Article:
The desire to affirm physical presence in relation to the original artwork with a selfie is, I think, related to that mysterious, much more ancient impulse to physically touch works of art or religious objects.

Some artists have noticed this desire, creating works that ask you to break the rules. Meret Oppenheim’s ‘Objet’, for instance, cries out to be touched.

Meret Oppenheim, Objet, 1936, The Museum of Modern Art, New York

On the other end of the spectrum of gallery-goers is the good student who keeps their Smartphone switched off in their bag, listens attentively to the tutor and looks carefully in the hope that they might one day ‘learn how to look’ properly at art. For the good student, the whole affair is much more internalised. For them, proximity to the original is part of an individualised learning process through which they might gain a private aesthetic sensibility. With regards to their experience of art, they are acting like a Protestant might.

A sign in a gallery

 

Max Weber’s ‘protestant work ethic’ perhaps applies here: does one have to work to understand Caravaggio? Or is being there, having made the journey, the pilgrimage, enough?

I do not want to say something boring about which kind of gallery-goer is more or less superior. Instead, I think we can learn something about our historical position by observing this opposition. This is: however much we think society has become secularised, our ‘secular’ activities are structured by impulses that have their origins in religious ritual or dogma.

 

 

 

What to watch: Picks for Summer 2014 by AHA alum. Catriona Grant

Art Everywhere

Art Everywhere has launched again after its huge success last year. Billboards across the country are being filled with posters of artworks from our national collections. Over 38,000 public votes produced the shortlist of 25 works which will be found across 30,000 poster sites in cities, towns and villages throughout the UK.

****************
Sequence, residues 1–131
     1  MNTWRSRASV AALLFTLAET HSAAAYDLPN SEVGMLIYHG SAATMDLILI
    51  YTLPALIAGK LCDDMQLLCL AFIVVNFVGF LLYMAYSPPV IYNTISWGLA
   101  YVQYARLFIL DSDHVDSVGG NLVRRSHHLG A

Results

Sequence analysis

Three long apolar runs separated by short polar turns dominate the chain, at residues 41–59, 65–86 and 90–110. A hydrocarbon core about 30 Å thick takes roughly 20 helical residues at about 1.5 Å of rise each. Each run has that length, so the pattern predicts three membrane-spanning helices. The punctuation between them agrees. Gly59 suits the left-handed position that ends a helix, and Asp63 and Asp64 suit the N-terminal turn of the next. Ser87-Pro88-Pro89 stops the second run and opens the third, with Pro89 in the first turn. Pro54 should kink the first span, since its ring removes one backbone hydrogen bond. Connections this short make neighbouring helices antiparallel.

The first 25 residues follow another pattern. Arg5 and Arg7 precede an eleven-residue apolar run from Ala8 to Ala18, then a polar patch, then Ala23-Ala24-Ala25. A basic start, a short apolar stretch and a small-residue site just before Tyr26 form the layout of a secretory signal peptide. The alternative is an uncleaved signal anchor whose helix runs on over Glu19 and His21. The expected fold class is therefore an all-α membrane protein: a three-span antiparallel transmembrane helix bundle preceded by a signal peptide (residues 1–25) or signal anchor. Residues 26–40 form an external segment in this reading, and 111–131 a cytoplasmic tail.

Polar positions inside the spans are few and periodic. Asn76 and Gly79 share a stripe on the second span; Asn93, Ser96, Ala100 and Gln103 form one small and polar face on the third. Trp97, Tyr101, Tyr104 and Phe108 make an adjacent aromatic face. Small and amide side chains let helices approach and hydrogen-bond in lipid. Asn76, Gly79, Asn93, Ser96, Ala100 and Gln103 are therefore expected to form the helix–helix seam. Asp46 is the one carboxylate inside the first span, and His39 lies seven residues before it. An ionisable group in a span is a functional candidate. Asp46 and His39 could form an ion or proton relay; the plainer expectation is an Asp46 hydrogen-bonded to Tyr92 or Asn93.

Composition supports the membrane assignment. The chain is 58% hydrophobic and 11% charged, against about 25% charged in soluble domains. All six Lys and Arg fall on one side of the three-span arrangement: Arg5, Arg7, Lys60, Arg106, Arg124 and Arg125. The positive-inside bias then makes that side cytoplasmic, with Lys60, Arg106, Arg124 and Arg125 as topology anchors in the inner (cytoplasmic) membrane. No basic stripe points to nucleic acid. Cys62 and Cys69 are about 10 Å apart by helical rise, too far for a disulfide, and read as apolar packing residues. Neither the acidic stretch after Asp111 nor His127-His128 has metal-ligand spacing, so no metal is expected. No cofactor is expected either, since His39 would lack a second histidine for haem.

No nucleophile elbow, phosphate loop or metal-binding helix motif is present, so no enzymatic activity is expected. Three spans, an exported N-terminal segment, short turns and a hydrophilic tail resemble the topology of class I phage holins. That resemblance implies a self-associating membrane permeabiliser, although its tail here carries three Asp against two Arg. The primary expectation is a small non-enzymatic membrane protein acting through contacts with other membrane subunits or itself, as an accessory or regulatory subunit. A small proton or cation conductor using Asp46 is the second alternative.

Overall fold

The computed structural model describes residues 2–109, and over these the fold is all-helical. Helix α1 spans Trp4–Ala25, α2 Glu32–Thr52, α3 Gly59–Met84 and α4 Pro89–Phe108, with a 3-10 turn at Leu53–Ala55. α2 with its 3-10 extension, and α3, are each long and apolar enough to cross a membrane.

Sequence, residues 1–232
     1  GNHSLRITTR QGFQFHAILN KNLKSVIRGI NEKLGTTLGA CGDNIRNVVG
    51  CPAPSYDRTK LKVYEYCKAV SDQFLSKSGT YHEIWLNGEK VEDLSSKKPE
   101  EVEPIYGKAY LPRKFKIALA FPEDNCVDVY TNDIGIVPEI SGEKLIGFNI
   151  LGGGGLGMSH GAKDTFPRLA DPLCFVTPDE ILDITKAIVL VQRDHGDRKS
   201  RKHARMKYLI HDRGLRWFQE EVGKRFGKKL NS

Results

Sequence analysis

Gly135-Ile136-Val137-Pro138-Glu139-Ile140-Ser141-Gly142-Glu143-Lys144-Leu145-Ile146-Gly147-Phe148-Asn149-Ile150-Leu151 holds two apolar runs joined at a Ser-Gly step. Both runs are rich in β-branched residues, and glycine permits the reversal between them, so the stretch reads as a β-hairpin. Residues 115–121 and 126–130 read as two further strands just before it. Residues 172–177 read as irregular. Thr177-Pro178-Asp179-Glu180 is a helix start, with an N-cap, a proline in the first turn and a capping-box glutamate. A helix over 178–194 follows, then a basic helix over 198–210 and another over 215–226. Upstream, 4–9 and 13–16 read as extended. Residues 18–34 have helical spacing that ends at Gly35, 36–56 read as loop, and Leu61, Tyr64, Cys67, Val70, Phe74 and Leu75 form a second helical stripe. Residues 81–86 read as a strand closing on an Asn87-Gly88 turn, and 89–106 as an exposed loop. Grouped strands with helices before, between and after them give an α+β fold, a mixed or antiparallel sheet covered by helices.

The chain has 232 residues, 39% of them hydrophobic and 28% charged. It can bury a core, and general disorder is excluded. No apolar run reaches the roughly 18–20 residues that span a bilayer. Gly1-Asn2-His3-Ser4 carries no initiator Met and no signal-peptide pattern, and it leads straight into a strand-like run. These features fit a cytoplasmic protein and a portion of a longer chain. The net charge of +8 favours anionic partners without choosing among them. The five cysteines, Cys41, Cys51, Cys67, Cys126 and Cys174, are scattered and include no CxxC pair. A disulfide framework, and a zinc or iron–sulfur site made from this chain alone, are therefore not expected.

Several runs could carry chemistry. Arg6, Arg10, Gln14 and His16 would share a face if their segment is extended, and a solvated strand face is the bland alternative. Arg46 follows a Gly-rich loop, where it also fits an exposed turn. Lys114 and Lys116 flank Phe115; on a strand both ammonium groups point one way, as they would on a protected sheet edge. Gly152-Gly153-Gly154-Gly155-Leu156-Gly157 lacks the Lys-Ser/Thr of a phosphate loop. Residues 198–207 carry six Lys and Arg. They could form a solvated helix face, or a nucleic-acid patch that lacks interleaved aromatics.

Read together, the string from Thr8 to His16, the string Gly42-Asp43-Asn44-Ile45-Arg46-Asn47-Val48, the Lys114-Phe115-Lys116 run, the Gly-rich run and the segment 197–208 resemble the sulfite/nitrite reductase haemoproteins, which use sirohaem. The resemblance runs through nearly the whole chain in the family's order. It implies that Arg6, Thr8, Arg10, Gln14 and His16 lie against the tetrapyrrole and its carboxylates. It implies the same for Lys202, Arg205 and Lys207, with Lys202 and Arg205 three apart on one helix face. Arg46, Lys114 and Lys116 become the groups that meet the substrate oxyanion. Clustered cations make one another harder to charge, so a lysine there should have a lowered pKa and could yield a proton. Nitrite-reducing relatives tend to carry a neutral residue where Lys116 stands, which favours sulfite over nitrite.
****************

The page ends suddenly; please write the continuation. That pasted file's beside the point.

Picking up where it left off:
Enjoy #arteverywhere for the next 6 weeks – the largest outdoor exhibition in the world! You can donate to the project via its website (http://arteverywhere.org.uk) and receive rewards in the shape of limited edition prints, posters and postcards.

 

Summer Exhibition 2014

The ever-popular Summer Exhibition at the Royal Academy is in its final few weeks. For almost 250 years the same concept has directed the exhibition – submission is open to all, and is judged by a panel of leading contemporary artists. The result is a plethora of artworks of wide-ranging styles, with amateurs hung on equal terms alongside Royal Academicians. Sometimes you stumble upon new works by much loved artists, and always you leave feeling inspired at the range and quality of previously unknown artists.

This is a particularly great opportunity for busy art lovers to stay up to date with developments in contemporary art and practicing artists, and according to the curating team ‘everything you’ll see at the Summer Exhibition represents what is happening in the art world right now.’

 

Film4 Summer Screen at Somerset House

This year marks the tenth year of the open air cinema screenings at Somerset House – the ‘cinema under the stars’. For 2 weeks (7th-20th August) a variety of films are projected in the Neoclassical surroundings of one of central London’s most iconic buildings.

From new releases such as French drama ‘Two Days, One Night’, to well known classics like ‘Gentlemen Prefer Blondes’, ‘E.T’, and ‘Annie Hall’, there is something to suit everyone’s taste.

 

House of Illustration

The House of Illustration opened this summer in King’s Cross, London, as the first permanent exhibition space for international illustrators, with an extensive education space at its core.

Its collection contains illustration ‘in all its forms, from adverts to animation, picture books to political cartoons and scientific drawings to fashion design’. Its initial exhibition is Quentin Blake: Inside Stories, and runs til November this year.

 

Cambridge Shakespeare Festival

Throughout the summer, Shakespeare’s timeless plays entertain audiences in the beautiful gardens of the ancient collegiate university. Try swapping the Globe for a genteel picnic and performance of Twelfth Night in St John’s College Gardens, Othello in Trinity, The Taming of the Shrew at Homerton, or The Merchant of Venice in the grounds of Robinson.

American Impressionism at the Scottish National Gallery of Modern Art

Until October there is a chance to throw the spotlight onto the American contribution to the Impressionist movement. Whilst the likes of Monet, Renoir and Pissarro may have dominated the canon of Impressionist art, many well travelled American artists engaged with the style and spread its influence back to the United States. The exhibition features the work of artists such as Theodore Robinson, Frank W. Benson, and Mary Cassatt.

News from the field! A mini photo blog from AHA Northern II course student Kyle Canter